WASHINGTON -- A federal appeals court dealt a blow to Glendale Federal Bank on Tuesday, ruling against the big California thrift on a key point in its battle to count supervisory goodwill as capital.

In a 2-to-1 decision, the court ruled that a 1989 law strengthening the industry's capital standards was valid - even if it broke agreements made by regulators with some institutions.

The decision leaves Glendale facing a June 30 deadline to raise its capital levels. If the $17.8 billion-asset thrift does not meet the deadline, it could be subject to regulatory penalties, possibly including seizure. A favorable ruling by the U.S. Court of Appeals for the Federal Circuit could have helped Glendale's case with the regulators.

Shares Slide

Shares of the thrift's parent company, Glenfed Inc., plunged after the ruling. The stock was off$1 in late trading -- surrendering 33% of its already modest value. Volume was heavy, with more than 1.5 million shares changing hands.

Stephen J. Trafton, chairman and chief executive officer of Glenfed Inc., expressed dismay at the ruling and said his company would, appeal.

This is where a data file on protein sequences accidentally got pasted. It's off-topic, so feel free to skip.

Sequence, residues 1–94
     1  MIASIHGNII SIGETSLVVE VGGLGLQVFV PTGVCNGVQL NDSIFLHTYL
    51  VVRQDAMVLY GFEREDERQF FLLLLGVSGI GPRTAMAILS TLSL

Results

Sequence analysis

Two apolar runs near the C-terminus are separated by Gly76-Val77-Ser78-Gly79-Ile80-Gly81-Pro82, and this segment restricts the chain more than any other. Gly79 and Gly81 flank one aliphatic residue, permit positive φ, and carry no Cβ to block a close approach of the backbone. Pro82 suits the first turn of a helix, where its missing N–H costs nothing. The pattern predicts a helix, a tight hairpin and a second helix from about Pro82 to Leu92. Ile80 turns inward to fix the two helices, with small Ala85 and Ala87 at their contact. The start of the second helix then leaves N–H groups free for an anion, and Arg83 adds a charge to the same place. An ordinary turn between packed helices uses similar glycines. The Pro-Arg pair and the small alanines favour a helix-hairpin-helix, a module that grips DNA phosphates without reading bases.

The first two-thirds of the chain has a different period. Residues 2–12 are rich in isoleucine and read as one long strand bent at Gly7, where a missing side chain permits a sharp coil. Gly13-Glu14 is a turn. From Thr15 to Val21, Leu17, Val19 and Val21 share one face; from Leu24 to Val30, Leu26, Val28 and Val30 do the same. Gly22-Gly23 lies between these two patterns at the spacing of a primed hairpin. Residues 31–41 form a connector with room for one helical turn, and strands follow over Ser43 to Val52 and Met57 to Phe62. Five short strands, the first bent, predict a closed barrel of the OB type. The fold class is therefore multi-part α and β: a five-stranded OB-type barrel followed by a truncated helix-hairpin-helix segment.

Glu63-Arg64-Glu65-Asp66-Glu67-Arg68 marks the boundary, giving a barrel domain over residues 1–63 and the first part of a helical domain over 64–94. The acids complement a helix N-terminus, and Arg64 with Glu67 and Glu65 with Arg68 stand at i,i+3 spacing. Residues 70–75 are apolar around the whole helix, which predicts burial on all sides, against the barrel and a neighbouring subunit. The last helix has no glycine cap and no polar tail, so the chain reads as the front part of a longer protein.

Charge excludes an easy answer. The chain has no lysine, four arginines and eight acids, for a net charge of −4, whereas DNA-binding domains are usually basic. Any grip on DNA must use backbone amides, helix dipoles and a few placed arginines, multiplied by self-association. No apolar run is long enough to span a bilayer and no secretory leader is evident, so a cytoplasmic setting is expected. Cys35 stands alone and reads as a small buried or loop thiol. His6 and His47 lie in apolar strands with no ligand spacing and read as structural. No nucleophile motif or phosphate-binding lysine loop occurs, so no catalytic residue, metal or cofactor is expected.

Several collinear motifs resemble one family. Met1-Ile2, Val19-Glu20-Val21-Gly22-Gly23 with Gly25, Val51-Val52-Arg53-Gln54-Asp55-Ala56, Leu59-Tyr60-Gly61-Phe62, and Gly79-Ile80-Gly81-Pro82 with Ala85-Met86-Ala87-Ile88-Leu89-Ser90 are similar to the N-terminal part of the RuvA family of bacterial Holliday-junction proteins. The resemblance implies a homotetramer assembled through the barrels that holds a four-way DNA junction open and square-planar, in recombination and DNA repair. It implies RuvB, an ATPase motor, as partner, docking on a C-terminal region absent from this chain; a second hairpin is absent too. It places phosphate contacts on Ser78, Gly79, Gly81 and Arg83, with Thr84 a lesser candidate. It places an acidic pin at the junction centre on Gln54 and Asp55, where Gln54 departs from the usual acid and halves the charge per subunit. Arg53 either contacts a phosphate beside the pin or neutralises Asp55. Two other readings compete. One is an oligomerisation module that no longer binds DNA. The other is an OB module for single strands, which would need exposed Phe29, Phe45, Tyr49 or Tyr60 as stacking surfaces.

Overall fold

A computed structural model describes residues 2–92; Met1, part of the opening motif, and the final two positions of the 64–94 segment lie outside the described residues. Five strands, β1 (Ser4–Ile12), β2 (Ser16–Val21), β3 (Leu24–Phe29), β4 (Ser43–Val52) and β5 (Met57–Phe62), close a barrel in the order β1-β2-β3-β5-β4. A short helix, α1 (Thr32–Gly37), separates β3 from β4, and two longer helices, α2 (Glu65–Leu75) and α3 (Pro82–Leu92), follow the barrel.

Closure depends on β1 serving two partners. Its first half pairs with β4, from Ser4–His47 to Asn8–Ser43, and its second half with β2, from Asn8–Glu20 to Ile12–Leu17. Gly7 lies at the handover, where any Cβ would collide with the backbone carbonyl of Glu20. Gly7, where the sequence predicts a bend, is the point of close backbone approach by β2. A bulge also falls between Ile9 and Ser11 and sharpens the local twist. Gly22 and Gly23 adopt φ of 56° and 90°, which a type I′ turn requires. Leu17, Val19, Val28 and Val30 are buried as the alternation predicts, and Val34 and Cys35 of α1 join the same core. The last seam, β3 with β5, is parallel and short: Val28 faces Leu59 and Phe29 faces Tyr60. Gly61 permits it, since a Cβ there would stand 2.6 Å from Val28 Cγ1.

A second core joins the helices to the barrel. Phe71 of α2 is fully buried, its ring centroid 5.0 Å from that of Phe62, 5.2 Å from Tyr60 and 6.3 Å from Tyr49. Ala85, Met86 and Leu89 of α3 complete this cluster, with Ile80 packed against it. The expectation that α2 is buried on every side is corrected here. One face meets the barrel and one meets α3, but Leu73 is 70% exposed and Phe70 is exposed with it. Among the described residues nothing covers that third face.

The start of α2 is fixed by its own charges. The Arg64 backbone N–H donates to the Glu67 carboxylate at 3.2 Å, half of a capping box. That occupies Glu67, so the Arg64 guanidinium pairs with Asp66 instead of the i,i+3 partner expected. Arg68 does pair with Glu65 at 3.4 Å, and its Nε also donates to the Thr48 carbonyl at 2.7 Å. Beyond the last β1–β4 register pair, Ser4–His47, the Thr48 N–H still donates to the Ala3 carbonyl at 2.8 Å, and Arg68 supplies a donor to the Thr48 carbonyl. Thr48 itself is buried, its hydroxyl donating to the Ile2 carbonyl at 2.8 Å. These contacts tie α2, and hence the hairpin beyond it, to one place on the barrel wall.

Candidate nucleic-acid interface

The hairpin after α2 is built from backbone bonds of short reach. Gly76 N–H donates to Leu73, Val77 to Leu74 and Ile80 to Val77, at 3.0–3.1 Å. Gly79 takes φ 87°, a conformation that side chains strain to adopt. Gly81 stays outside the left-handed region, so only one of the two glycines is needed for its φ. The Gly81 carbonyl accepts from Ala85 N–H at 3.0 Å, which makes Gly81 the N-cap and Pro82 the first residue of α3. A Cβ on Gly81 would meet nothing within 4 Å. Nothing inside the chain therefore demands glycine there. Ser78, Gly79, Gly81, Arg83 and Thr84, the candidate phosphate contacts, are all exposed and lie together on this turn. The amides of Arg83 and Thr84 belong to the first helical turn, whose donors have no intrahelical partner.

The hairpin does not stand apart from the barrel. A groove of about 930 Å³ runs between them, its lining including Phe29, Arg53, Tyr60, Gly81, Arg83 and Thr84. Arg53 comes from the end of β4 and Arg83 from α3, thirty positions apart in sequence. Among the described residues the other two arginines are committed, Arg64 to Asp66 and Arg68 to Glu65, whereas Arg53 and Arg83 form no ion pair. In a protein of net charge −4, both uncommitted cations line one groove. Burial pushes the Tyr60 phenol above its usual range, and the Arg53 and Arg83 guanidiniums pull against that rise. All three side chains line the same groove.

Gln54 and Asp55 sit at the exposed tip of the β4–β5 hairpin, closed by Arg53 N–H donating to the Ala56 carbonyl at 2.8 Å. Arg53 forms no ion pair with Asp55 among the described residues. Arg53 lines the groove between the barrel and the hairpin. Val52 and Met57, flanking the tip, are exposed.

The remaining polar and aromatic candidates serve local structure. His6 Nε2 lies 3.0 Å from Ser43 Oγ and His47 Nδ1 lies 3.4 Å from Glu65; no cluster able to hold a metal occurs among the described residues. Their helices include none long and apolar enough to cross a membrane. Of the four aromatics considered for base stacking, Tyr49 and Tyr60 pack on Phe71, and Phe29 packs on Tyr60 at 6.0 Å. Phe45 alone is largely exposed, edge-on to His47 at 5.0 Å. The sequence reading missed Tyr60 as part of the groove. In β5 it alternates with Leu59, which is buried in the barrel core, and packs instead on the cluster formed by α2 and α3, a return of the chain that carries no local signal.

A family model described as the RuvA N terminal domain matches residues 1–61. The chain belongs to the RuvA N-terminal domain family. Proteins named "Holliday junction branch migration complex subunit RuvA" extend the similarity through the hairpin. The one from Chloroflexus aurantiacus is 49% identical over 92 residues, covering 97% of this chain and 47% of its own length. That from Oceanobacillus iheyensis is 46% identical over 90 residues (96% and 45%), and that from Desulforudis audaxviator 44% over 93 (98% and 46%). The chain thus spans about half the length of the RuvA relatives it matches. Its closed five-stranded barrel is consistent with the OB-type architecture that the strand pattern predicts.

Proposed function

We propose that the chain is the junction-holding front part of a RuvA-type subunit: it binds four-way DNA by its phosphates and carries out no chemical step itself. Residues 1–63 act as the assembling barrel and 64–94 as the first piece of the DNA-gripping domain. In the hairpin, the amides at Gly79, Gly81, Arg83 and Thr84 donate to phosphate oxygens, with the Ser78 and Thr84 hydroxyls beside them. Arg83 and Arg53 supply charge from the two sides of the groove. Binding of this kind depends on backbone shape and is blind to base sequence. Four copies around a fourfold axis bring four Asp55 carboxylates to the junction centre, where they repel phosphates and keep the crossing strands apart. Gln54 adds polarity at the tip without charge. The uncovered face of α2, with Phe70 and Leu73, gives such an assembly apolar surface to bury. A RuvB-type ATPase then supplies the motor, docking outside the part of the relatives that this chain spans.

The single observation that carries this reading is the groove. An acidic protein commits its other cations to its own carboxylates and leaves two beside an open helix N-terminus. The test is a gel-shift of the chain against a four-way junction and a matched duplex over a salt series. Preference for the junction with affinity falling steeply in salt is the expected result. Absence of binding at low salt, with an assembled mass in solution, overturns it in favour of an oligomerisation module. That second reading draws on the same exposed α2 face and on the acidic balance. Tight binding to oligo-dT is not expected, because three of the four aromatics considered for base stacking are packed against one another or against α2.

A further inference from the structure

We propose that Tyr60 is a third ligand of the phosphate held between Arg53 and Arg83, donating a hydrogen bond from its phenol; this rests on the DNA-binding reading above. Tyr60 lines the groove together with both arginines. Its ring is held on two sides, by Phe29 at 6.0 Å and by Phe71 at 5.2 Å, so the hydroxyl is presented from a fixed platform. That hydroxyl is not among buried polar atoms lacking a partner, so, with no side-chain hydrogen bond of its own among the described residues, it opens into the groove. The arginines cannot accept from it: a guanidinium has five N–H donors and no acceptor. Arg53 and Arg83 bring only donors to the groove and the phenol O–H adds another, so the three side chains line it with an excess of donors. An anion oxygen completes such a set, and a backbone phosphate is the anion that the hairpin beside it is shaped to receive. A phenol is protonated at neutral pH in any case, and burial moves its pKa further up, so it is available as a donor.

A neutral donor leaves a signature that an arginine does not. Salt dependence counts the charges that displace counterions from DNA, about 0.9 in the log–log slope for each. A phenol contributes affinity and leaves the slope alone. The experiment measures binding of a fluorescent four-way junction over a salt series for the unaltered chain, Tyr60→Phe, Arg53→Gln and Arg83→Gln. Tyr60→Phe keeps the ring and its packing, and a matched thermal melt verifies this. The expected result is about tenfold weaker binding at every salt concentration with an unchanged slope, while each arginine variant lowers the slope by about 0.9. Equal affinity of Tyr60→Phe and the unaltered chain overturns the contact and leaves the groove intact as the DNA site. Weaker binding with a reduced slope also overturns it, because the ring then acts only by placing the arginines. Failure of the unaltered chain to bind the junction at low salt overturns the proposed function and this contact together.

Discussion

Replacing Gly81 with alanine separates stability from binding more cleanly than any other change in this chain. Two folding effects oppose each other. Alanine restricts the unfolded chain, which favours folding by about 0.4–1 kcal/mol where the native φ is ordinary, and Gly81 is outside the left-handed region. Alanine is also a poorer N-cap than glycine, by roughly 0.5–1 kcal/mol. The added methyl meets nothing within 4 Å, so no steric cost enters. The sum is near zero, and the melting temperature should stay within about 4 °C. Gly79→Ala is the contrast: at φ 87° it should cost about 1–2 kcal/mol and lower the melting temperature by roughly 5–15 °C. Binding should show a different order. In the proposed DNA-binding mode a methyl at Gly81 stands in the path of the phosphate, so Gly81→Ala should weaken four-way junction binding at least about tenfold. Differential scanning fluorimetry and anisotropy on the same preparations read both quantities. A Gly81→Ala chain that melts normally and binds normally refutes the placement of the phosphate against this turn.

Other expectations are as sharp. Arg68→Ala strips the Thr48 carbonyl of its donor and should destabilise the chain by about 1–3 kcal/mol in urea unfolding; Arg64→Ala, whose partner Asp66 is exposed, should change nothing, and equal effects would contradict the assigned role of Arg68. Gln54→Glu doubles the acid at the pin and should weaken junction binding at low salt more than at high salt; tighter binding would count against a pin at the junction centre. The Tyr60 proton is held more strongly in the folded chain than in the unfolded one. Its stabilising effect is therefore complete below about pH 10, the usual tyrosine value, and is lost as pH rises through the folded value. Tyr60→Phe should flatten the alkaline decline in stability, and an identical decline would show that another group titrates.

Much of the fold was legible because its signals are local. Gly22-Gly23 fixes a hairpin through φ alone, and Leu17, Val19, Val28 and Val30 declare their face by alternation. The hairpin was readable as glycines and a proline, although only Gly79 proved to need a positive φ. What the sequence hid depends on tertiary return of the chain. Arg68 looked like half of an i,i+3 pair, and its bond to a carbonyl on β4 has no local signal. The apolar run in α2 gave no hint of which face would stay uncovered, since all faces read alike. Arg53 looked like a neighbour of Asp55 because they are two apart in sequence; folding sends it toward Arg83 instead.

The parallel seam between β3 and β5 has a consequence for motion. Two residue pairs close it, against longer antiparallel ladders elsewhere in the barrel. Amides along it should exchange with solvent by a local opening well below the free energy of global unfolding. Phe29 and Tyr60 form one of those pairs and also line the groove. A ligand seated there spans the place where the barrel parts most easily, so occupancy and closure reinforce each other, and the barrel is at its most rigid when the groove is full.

"It is simply not fair for the government to break its promise with Glendale, he said.

Mr. Trafton noted that ruling is still pending on Glendale's separate claim against the government for damages.

Glendale has been working on a deal to raise $350 million to $400 million in new capital by mid-June. "We believe that the outcome of the goodwill case and the subsequent appeal process will not significantly affect the recapitalization process," Mr. Trafton said Tuesday.

After the ruling, the Office of Thrift Supervision noted it is reviewing a plan submitted by Glenfed for rebuilding its capital. "The plan was never dependent on the goodwill claim," an agency spokesman said. "As a result, this decision will have no bearing on the consideration of the plan."

Glendale and 44 other institutions have had cases pending against the government on supervisory goodwill. Most of the thrifts argue that they made deals with the government to take over failed savings and loans in exchange for the right to include goodwill, an intangible asset, on their books for up to 30 years. Rather than pump cash into the insolvent institutions, the government used the accounting entry goodwill to make up the capital deficiencies.

Claims Court Ruling

Tuesday's decision reverses a July 1992 ruling by the federal claims court. The claims court held that by enacting the 1989 banking law that forced savings and loans to accelerate the write-down of supervisory goodwill, the government had breached its contract with several thrifts, including Glendale.

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